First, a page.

There was no sugar-coating it this time. No optimistic talk of miracle cures or Easter-time business re-openings.
There was just the cold, hard reality of the facts on the ground.
"I want every American to be prepared for the hard days that lie ahead," a grave-faced Donald Trump said in his Tuesday afternoon press conference.
"This is going to be a very, very painful two weeks."
How painful? When the president was asked how many Americans are currently projected to die from the virus given even the current mitigation efforts, he said it was better if his medical experts responded.
The number of deaths, based on current projections, is between 100,000 and 200,000. On 15 April, for instance, 2,214 Americans are expected to die.
"No-one is denying that we're going through a very, very difficult time," said Dr Anthony Fauci, director of the National Institute of Allergy and Infectious Diseases. "That's what it is."
The president tried to frame this news as best he could, noting that the projections for US casualties if the government had done nothing were in the millions.
"A lot of people were saying think of it as the flu, but it's not the flu," he said. "It's vicious."
Of course, it was just a week ago the president himself was making exactly such comparisons, noting that the early fatality numbers were much less than those from the flu or even automobile accidents.
"We lose thousands of people a year to the flu," he said then. "We never turn the country off."
Now, however, the seriousness of the situation has hit home.
He spoke of checking in on a friend who was in the hospital with the virus - "a little older, and he's heavy, but he's tough person" - only to find out he was now in a coma.
"I spoke to some of my friends, and they can't believe what they're seeing," he said.
Mr Trump's change of attitude also extended to some of his recent political feuds.
Just days after attacking Democratic Michigan Governor Gretchen Whitmer, mocking her name and calling her incompetent on Twitter, the president said he had a "really great conversation" with her and detailed the support the federal government was providing her state.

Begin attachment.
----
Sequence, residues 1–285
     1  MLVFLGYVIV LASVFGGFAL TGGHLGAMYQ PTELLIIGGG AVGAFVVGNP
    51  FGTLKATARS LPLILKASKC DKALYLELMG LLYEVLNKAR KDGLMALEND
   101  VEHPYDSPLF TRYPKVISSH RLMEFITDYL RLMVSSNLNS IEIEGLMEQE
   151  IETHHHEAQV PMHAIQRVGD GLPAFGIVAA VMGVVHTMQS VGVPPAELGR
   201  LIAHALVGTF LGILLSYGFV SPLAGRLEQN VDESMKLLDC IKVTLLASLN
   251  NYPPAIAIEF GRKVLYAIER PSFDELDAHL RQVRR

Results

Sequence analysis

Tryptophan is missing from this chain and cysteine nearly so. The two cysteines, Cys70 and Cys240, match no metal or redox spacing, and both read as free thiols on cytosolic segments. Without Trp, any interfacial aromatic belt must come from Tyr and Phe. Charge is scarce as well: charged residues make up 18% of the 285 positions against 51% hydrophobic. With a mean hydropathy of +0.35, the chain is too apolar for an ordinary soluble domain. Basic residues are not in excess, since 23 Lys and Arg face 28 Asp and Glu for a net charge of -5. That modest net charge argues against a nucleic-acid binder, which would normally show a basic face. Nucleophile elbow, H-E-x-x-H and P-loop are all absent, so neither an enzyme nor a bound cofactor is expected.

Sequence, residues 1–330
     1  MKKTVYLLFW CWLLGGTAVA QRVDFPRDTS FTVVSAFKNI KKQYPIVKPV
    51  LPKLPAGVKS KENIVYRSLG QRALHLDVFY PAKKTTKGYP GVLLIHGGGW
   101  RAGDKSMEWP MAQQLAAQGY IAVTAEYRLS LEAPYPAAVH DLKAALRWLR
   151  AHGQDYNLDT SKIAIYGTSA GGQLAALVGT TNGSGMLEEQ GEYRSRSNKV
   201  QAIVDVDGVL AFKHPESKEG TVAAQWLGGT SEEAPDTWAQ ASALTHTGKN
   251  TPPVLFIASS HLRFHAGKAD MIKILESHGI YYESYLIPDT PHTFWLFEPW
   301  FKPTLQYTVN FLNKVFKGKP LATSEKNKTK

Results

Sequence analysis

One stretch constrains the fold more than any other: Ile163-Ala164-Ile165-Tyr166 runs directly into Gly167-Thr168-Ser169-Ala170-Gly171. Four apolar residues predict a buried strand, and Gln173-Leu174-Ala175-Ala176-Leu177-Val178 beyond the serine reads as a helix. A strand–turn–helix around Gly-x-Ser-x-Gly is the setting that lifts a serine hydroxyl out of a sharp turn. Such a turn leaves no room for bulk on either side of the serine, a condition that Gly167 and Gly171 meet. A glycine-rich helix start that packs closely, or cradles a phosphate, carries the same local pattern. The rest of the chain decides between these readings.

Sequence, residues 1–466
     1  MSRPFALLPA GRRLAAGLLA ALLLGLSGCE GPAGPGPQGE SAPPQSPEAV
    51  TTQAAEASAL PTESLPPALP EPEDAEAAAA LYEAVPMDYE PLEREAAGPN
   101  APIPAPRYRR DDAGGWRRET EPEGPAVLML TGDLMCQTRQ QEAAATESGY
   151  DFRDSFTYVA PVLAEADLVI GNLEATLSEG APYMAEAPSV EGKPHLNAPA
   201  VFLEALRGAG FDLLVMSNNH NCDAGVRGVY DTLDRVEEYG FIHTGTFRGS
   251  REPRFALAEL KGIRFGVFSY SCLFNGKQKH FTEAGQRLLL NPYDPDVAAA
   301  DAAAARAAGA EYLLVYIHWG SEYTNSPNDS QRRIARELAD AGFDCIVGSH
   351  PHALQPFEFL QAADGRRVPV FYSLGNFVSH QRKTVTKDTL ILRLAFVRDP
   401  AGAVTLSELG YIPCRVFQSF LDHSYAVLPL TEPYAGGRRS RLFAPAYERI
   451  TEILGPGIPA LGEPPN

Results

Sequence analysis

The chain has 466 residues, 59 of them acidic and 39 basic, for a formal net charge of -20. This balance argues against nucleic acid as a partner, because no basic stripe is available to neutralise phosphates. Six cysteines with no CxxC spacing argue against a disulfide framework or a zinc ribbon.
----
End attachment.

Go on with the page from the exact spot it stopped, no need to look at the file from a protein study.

Last Friday, he had suggested that if state leaders were not "appreciative" of him, he wouldn't talk to them.
On Tuesday, he recounted conversations with Democratic governors in California and Louisiana.
There was still a veiled shot at New York and its Democratic governor Andrew Cuomo, however, as the president suggested that both his state and New Jersey - the two hardest hit in the US - "got off to a very late start" with their pandemic response.
Trump also pushed back against Cuomo's complaint earlier on Tuesday that states were being forced to bid against each other, and the federal government, on the ventilator market.
"They shouldn't be doing that," the president said. "If that happens, they should be calling us. If they need them that badly, we know."
"Some people frankly think they need them but they don't need them," he added.
The new call from the White House was to continue the current mitigation efforts for an additional 30 days; that even if things go from bad to worse in the weeks to come, the efforts will pay off.
It will, however, be a long, slow grind.
"There's no magic bullet," said Dr Deborah Birx, one of the experts on the US taskforce.
"There's no magic vaccine or therapy. Just behaviours," she said.